Peggy Sattler MPP, London West

Government of Ontario

Wynne Liberals underfunding of post-secondary education is hurting students & undermining PSE quality

Published on April 9, 2018

Queen’s Park, March 5, 2018 – NDP Education critic Peggy Sattler said that chronic underfunding of post-secondary education is taking its toll on students, staff and faculty at York University and Carleton University, where strikes began on Monday.

“More than 3,000 York University workers are on the picket line this morning, taking a stand against insecure, unstable academic jobs,” said Sattler. “These workers deliver 60 per cent of the instruction for York University students but their contributions are completely undervalued. They want to get back to the important work they do supporting students. York University students want to be able to learn without having to cross a picket line.”

In question period on Monday, Sattler raised concerns about the underfunding of postsecondary education that has not only led to work stoppage by York University contract faculty, teaching assistants, research assistants, graduate assistants and other part-time workers, but also to job action by 800 administrative, technical and clerical staff at Carleton University.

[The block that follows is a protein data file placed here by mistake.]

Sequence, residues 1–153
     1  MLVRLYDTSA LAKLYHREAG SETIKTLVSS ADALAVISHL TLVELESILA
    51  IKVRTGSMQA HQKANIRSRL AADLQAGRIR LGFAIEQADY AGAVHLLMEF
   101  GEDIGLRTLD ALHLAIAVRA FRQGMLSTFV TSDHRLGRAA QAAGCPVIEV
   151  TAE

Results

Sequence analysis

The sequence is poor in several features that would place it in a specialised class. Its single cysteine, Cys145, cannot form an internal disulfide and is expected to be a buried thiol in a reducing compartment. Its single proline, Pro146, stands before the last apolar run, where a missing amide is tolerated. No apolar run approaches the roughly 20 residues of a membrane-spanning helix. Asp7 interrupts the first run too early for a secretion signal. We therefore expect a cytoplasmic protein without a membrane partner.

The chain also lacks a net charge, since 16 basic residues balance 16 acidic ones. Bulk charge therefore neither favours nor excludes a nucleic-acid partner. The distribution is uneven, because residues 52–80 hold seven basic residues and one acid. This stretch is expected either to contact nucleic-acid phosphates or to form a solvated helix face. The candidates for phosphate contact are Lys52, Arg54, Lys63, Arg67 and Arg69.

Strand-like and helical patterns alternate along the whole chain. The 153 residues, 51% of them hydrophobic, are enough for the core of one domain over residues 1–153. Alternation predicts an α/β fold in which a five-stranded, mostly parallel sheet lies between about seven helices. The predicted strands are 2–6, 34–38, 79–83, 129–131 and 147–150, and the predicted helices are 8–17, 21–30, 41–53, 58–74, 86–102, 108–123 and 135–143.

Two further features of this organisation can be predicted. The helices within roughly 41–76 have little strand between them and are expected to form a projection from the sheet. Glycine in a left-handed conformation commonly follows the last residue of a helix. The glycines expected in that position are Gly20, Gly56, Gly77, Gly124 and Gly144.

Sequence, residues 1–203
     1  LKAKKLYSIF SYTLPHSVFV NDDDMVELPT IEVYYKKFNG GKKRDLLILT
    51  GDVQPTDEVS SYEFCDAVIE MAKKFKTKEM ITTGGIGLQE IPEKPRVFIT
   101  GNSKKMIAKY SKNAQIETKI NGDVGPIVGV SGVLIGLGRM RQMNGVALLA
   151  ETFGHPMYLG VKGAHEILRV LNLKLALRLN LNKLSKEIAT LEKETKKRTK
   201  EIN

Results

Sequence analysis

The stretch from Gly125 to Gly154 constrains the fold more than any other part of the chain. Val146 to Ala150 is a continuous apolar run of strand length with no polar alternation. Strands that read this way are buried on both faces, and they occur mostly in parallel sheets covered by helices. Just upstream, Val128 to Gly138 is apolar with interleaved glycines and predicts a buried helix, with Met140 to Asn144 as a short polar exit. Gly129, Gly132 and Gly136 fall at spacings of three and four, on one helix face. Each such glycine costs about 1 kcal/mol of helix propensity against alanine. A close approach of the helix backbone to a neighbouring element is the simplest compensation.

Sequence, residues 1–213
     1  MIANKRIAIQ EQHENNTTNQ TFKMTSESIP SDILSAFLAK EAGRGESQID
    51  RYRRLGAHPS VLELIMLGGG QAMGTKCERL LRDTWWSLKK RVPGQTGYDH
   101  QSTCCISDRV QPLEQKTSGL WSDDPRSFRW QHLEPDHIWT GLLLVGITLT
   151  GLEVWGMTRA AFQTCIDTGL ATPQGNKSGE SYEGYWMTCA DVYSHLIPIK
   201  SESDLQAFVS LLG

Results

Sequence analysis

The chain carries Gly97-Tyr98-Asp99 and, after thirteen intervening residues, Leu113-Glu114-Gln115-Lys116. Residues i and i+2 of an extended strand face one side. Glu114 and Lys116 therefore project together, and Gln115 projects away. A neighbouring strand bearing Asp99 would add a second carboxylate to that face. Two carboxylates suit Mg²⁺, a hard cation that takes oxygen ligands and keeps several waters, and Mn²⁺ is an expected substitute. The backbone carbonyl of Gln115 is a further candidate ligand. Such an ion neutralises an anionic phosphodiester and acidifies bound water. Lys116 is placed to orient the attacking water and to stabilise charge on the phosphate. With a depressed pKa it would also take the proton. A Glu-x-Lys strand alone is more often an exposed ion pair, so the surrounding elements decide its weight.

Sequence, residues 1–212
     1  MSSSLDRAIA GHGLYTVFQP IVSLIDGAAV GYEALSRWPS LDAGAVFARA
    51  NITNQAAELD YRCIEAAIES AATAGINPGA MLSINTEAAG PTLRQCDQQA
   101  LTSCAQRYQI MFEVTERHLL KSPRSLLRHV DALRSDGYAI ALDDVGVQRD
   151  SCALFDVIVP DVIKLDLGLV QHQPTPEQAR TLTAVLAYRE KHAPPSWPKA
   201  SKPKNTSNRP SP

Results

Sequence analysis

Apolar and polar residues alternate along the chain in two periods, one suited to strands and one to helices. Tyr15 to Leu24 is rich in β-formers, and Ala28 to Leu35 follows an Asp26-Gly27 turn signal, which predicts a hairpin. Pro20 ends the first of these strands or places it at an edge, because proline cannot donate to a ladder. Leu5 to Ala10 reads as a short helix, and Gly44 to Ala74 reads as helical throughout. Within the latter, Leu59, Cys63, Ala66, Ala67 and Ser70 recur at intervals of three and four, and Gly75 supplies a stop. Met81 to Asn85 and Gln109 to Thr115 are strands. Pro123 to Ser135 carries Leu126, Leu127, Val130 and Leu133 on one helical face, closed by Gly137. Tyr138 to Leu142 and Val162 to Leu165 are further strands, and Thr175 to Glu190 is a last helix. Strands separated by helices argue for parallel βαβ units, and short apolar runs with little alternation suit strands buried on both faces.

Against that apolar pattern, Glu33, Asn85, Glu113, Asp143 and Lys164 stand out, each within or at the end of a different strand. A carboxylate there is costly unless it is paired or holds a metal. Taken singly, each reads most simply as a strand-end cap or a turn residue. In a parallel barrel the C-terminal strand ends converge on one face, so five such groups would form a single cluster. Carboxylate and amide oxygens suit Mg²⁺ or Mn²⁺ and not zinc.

Sattler called on the Wynne government to address these labour disputes, get all sides back to the bargaining table and fix post-secondary education funding once and for all.

“For almost a decade, Ontario has ranked the lowest of all Canadian provinces in university per-student funding,” said Sattler. “Not only has this downloaded the cost of postsecondary education onto students and their families, creating record levels of student debt, but it has also led to an explosion of contract staff and faculty as a way to reduce payroll costs. Students understand the negative impact this has on the quality of their postsecondary education, which is why the Canadian Federation of Students was at Queen’s Park last week urging an increase to full-time permanent positions and fairness for contract workers.”

“Will the premier use her influence to get the employer back to the bargaining table so that a negotiated settlement can be reached? Will the premier show some leadership, address the underfunding of post-secondary education and reduce precarious work in the university sector?” asked Sattler.